15 Minute Sundress Tutorial

Have you seen these fabrics? Pre-made sundresses basically—- where the fabric is shirred on the top and flowy-like on the bottom.


I used to HATE them, and I mean despise them. I refused to buy them, I felt like I was “cheating” to buy the pre-shirred fabric. Plus some of them the quality was pretty crappy.

Then one day (last week) I was in the fabric store, and my 2 year old screams “Hello Kitty dress!!!!!” Yes, she is slightly obsessed and it’s all my sister’s fault. Completely. She bought her some Hello Kitty clothes for Christmas and now she says “My Hello Kitty” with everything she sees. And ME? Well she’s so stinkin’ cute that I feed into it!

So aaaaaanyhoo, my little girl picked out some shirred Hello Kitty dress fabric. I thought, oh how I didn’t want to cheat and buy this, but seriously I could whip out a dress in 5 minutes. As an experienced seamstress this will honestly take 10-15 minutes start to finish if there are no hiccups with the machine. I’m sure a beginner can make this dress in 30 minutes or less (Maybe an hour -TOPS). It’s seriously only one seam right up the side, and then straps!

Alright, I know! Enough with the chat and on with the tutorial—-I just can’t help it I talk a lot!

So I purchased 20 inches of the fabric, yes they sell it by the inch….NOT the yard, so know your measurements. My girl measures just about 20 inches around her chest (she’s a peanut). I knew that with the seam and all it would be slightly smaller so the elastic would do it’s job and stick to her just right.

I didn’t even pre-wash the fabric, I got home and ran to my sewing machine. I stitched a single seam up the side, then serged, pressed, and topstitched the seam. I just can’t help it, I’m obsessed with topstitching and making every seam lay flat.


VIOLA! A dress in 5 minutes. But yes it needs straps—And the straps are the hardest part, yet not that difficult at all!

I cut 4 strips of a coordinating pink fabric, 1-1/4″ X 16″ but next time I will measure them about 1-1/2″ because they were just a little bit slimmer than I wanted.

I folded one end in about 1/8″ (this will be the “closed” end left out, not inside the dress), then pressed.

Then I folded the strips in half and pressed.

Here you can see the end pressed in, and also the strip folded in half

I opened the strips back up and folded the outer edges into the middle to meet the center press mark, and pressed again. This is very much like making a paper airplane.

Pressing to the middle

Then I folded the strips in half again (with outer edges folded into the middle) and pressed again.

Pressing in half

I know there is a lot of pressing, but the same goes with quilting and any dressmaking with cotton fabrics, you must press every seam. It makes life so much easier.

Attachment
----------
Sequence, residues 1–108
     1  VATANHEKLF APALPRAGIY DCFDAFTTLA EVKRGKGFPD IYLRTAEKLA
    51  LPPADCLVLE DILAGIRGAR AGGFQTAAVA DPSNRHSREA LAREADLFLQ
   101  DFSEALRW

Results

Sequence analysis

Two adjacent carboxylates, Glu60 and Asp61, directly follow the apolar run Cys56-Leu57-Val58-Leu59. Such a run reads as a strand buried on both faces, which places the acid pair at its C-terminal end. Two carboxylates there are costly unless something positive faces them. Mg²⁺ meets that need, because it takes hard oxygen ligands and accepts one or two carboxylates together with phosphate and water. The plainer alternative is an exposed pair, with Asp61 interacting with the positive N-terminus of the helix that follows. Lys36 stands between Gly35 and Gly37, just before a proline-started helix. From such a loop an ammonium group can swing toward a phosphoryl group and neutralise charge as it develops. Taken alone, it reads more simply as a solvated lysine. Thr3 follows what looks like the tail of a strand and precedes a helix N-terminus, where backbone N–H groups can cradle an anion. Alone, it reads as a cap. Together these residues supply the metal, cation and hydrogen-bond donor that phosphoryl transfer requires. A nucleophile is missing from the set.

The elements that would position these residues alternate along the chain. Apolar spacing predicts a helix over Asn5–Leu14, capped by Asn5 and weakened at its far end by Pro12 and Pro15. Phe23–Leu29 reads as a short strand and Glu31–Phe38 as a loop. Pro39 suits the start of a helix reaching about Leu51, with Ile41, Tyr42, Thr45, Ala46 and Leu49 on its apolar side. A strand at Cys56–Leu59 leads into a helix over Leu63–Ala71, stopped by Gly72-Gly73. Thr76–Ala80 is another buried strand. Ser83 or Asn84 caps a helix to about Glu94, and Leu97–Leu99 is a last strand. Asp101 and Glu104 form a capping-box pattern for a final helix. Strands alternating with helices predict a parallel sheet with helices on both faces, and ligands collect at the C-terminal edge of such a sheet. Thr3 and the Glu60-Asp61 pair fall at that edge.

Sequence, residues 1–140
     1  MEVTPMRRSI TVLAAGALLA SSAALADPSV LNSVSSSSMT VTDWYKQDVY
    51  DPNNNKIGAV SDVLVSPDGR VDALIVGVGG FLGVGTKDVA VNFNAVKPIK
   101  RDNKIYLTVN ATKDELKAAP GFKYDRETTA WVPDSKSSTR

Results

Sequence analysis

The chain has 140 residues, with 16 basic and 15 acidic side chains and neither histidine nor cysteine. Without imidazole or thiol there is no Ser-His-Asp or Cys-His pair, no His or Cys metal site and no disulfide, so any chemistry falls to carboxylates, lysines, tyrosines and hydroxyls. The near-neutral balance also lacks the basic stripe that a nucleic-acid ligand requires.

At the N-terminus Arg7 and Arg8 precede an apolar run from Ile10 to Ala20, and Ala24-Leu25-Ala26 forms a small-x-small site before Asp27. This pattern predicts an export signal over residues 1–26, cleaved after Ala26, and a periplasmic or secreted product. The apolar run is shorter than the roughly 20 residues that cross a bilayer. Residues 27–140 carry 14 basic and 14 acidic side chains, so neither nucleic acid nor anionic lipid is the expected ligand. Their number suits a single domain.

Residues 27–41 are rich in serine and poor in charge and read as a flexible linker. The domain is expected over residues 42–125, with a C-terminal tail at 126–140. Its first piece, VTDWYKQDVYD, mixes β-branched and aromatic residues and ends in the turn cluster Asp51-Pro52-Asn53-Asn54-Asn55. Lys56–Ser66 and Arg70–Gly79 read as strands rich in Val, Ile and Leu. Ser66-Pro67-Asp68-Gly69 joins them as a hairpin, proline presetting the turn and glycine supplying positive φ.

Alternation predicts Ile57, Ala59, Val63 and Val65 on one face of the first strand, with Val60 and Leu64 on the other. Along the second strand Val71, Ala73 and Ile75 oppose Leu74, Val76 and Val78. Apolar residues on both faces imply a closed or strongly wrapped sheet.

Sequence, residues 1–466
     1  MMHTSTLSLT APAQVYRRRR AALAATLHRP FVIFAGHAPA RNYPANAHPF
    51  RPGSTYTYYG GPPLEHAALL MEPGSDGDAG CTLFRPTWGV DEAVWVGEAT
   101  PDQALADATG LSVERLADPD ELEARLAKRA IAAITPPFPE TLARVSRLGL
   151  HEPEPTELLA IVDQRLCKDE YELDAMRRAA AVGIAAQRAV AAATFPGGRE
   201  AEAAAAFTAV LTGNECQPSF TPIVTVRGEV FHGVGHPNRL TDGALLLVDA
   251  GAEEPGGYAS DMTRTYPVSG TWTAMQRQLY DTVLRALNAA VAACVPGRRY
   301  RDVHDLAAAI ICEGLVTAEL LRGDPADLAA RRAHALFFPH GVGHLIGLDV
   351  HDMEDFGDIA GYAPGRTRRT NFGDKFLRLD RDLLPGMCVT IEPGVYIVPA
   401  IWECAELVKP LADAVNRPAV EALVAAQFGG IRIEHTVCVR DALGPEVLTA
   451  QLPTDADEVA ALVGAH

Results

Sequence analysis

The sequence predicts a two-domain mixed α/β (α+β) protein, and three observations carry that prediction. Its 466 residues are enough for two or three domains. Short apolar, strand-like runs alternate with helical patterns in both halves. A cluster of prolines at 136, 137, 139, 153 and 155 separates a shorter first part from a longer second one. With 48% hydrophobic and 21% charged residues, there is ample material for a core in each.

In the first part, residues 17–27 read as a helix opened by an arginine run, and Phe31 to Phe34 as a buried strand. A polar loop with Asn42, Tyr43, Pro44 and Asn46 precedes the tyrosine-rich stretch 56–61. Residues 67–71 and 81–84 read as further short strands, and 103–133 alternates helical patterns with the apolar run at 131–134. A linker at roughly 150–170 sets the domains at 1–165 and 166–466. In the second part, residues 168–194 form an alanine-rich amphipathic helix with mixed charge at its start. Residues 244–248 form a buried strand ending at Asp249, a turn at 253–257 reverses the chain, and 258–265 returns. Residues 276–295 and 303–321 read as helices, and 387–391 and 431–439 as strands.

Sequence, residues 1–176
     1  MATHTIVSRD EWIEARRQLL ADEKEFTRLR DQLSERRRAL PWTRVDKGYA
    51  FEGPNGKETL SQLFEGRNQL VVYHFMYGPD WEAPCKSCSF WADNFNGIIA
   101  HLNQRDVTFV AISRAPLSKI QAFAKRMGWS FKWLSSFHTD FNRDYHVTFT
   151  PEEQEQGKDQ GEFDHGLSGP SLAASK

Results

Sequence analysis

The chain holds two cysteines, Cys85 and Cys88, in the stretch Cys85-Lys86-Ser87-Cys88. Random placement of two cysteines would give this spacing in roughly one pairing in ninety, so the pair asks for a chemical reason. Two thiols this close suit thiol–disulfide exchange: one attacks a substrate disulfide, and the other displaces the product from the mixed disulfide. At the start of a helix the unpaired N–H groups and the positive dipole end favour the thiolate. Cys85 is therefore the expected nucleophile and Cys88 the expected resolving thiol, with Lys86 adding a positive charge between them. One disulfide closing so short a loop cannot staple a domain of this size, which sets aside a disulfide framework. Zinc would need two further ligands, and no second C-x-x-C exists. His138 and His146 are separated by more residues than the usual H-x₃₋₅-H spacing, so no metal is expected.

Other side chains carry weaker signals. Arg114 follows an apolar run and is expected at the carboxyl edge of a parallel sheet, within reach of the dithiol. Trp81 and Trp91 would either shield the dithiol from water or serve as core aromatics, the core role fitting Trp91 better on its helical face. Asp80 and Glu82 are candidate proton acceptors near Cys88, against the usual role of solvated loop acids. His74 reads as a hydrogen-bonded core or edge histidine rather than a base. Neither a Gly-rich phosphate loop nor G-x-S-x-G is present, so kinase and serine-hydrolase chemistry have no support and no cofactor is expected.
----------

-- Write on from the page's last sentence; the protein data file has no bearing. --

So now you have four skinny-ish strips that you can use for straps. One end should be closed as you folded in the end, and one should be open with a raw fabric edge. Bring the straps over to your machine and stitch one row of stitches right up the middle of the strap.

Center stitching
Center stitching

Take the four straps and pin them to the inside of the dress. I honestly just eyeballed where I wanted the straps, but I measured just for you and it ended up being about 1-1/2″ away from the outer edge of the dress. ****NOTE**** Upon finishing the dress, I noticed the straps should be in a little further, so next time I will go about 2″

1-1/2" to 2" from side, for a size 2, use your judgment for whatever size you are making!
1-1/2″ to 2″ from side, for a size 2, use your judgment for whatever size you are making!

When I pinned the straps for stitching I pinned them across the first AND second rows of shirring. If I stitched across just one row, sometimes the straps get kinda floppy. I wanted them double stitched for extra security and stability. If you ever wear sundresses you will know what I’m talking about. I CAN’T STAND IT when the end of the straps poke out of the top of the dress.

Stitched and backstitched across 2 rows of shirring

On to the machine! I stitched across one strap directly over the shirring, then backstitched—–lifted my presser foot without cutting the thread—–pulled right over to the lower part of the strap and stitched it down and backstitched there as well. Repeat this with each strap.

and TA-DA!!!!!!


Now is this not the easiest dress you’ve ever made?? So much for not cheating—-I feel pretty well accomplished and not so much a cheater! Why did I put up such a fight over fabric that will make my life easier?? I guess I would compare it to store bought cookie dough VS homemade cookies. That just won’t happen unless there’s a killer coupon deal.

It’s so cute, and lightweight! Great for everyday summer sun dress or even a beach cover up. My daughter was so excited that I had a new dress for her by the time she woke up from her nap.


As you can see where the side tucks down a little—-that’s why I needed to move the straps in a bit. If this were for a customer I would go back and re-stitch the straps over a bit, but it’s for my girl so she can live with it. 😉

I am hoping to go back and get more of this shirred fabric— more than likely without the licensed characters so that I can sell them in my Etsy shop, or off my FaceBook page.

Happy sewing!!!

Let me know how your dresses come out! As always– If I missed a step, don’t be afraid to ask me questions! I’m here to help!


As Always — Don’t forget to visit me on ETSY, and LIKE my page on Facebook to keep up with all the goodies!!!!


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